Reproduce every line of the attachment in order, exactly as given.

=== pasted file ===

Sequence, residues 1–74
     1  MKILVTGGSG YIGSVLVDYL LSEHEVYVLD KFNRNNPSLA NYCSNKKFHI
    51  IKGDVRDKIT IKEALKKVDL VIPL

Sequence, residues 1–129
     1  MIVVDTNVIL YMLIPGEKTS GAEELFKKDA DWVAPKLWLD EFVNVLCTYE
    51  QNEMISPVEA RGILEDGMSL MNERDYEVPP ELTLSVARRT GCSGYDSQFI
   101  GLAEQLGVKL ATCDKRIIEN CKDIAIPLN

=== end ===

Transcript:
Sequence, residues 1–74
     1  MKILVTGGSG YIGSVLVDYL LSEHEVYVLD KFNRNNPSLA NYCSNKKFHI
    51  IKGDVRDKIT IKEALKKVDL VIPL

Sequence, residues 1–129
     1  MIVVDTNVIL YMLIPGEKTS GAEELFKKDA DWVAPKLWLD EFVNVLCTYE
    51  QNEMISPVEA RGILEDGMSL MNERDYEVPP ELTLSVARRT GCSGYDSQFI
   101  GLAEQLGVKL ATCDKRIIEN CKDIAIPLN